Serial sex offender Stewart Murray Wilson will remain in custody for three months, after pleading not guilty to a charge of breaching his parole conditions.
The Department of Corrections alleges that Wilson has obtained a cellphone and is a "man of many resources".
A probation officer alleges that on February 18 Wilson contacted a woman he had been instructed not to contact under a non-association order.
ONE News understands the woman had initiated contact with Wilson but his reply is believed to have caused her to contact the Corrections Department last November.
It is understood the woman, who has name suppression, does not live in Wanganui.
Yesterday, Wilson was recalled to prison on an interim basis by the Parole Board.
Wilson appeared in the Whanganui District Court this morning and pleaded not guilty to the charge.
He was neatly presented, wearing a suit and tie. He stood in the dock with his hands clasped through the hearing.
Wilson's lawyer argued that he has complied with other parole conditions, and that he should not be permanently recalled to prison.
However Judge Cameron ruled that Wilson will remain in custody until May 13, when he will face a defended hearing.
"Can't be trusted"
Meanwhile campaigners who fought to keep Wilson behind bars say his alleged breach of parole proves he can't be trusted.
Wanganui Mayor Annette Main said she was pleased the alleged breach had not affected anyone in the Wanganui community.
"It's good that the Corrections Department has taken the steps that they have but also to be expected people have said 'well I told you this would happen'," Main said.
Wanganui councillor and former mayor Michael Laws said the man dubbed the Beast of Blenheim was always going to reoffend.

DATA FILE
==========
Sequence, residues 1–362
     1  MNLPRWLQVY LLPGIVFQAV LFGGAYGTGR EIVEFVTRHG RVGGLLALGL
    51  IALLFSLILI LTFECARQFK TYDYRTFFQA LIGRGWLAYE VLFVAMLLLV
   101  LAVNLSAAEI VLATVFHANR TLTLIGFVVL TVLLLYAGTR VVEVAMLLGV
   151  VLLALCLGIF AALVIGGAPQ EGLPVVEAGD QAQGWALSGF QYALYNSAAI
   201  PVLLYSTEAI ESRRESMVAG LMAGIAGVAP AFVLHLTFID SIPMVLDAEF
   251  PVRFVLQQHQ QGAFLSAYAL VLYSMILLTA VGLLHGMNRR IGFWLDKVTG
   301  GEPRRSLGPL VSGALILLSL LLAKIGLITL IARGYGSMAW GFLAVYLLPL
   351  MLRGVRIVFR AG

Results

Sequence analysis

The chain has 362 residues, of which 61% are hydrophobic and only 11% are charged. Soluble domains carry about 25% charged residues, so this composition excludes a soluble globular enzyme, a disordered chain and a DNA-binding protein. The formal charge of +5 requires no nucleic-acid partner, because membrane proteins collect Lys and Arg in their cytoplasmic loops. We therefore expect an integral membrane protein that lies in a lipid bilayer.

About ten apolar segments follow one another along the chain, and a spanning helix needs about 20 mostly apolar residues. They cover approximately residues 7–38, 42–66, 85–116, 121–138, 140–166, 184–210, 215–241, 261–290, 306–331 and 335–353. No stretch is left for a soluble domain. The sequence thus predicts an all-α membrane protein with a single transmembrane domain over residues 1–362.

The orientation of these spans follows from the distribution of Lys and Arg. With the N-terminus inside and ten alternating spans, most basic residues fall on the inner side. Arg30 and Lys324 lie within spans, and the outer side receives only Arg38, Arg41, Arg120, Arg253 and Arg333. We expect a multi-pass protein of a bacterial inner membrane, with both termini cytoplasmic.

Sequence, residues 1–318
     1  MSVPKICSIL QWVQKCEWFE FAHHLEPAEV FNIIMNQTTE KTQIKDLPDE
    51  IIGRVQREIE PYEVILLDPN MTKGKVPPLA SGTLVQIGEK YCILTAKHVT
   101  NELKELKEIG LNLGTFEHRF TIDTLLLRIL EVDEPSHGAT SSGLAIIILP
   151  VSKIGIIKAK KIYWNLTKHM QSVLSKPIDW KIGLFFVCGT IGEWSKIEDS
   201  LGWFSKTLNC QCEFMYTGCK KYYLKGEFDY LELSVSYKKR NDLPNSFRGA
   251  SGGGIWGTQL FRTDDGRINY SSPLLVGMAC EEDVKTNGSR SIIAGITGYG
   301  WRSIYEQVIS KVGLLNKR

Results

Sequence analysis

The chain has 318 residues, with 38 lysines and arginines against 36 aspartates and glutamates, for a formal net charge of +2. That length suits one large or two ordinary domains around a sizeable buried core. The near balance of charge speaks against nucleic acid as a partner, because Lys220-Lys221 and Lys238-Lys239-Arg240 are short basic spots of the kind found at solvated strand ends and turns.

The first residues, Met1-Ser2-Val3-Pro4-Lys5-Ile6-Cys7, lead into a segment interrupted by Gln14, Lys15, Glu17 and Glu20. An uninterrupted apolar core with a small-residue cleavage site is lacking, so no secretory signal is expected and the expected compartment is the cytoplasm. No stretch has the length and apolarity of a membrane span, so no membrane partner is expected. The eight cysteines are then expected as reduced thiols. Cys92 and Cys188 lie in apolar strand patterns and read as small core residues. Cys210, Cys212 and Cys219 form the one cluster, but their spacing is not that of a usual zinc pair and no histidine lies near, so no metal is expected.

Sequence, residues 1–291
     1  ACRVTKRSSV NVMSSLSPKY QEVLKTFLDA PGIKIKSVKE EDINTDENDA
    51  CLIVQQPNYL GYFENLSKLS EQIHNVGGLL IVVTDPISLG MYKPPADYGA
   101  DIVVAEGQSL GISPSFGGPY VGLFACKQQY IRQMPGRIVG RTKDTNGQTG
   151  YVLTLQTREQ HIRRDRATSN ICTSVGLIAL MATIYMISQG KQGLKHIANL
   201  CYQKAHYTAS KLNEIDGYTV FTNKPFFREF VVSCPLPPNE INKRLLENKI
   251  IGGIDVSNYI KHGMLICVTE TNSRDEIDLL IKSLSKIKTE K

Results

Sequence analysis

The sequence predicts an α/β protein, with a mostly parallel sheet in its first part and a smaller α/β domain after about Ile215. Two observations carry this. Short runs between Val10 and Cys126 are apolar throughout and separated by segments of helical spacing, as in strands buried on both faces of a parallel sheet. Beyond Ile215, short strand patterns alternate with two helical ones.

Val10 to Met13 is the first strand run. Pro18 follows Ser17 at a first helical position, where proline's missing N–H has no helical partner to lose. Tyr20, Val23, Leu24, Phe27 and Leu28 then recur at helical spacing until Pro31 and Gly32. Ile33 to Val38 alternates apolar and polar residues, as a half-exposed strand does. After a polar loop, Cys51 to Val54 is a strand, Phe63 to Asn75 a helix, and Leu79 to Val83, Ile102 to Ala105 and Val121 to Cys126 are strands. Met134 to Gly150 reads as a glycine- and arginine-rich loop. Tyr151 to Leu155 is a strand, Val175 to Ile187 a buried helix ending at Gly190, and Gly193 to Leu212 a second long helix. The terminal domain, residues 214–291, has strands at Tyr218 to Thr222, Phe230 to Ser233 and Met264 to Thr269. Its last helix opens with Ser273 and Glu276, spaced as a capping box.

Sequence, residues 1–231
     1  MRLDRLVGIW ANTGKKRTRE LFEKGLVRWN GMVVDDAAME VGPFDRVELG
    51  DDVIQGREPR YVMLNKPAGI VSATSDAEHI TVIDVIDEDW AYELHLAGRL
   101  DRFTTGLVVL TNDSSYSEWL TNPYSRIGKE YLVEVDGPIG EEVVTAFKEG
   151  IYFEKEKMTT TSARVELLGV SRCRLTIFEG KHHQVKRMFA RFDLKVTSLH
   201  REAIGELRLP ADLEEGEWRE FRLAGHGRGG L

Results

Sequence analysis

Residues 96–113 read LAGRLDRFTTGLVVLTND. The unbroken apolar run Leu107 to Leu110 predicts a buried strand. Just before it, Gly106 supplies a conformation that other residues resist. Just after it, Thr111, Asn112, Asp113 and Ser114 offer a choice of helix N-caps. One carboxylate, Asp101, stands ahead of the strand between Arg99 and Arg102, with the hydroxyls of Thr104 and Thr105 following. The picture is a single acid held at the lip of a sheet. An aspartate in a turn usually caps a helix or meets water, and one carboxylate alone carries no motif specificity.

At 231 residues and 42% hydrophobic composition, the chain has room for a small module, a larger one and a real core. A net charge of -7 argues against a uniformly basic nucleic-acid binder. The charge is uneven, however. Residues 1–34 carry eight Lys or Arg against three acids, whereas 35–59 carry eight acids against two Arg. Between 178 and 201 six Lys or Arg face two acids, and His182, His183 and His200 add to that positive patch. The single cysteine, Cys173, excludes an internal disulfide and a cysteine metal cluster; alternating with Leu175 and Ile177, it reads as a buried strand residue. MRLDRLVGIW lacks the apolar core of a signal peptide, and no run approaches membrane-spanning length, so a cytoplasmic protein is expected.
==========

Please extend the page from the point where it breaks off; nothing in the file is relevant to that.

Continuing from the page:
"This is a dream come true in lots of ways because no one appears to have been seriously hurt," Laws told ONE News.
Wilson's neighbour Peter Vervoek says nobody ever wants to have a man like Wilson in their backyard and there's always some concern for family members.
"It's better if he's behind bars," Vervoek said.
But Wilson's lawyer Andrew McKenzie said even if his client did make the phone call that does not make him a danger to the community.
"He can't go and visit the person, he can't have the person come to see him," McKenzie said.
"It's difficult to see what the harm could be or what disadvantage or risk to the community it could pose."
Wilson was jailed for 21 years in 1996 after being convicted on 22 sex charges against women and children between 1971 and 1994.
The 65-year-old was released on August 29 into a self-care unit on Whanganui Prison land, before moving to a relocated home nearby.
Corrections assistant general manager Maria McDonald said the
department has been "vigilantly monitoring" Wilson's compliance
with his parole conditions, which are some of the strictest ever
imposed in New Zealand.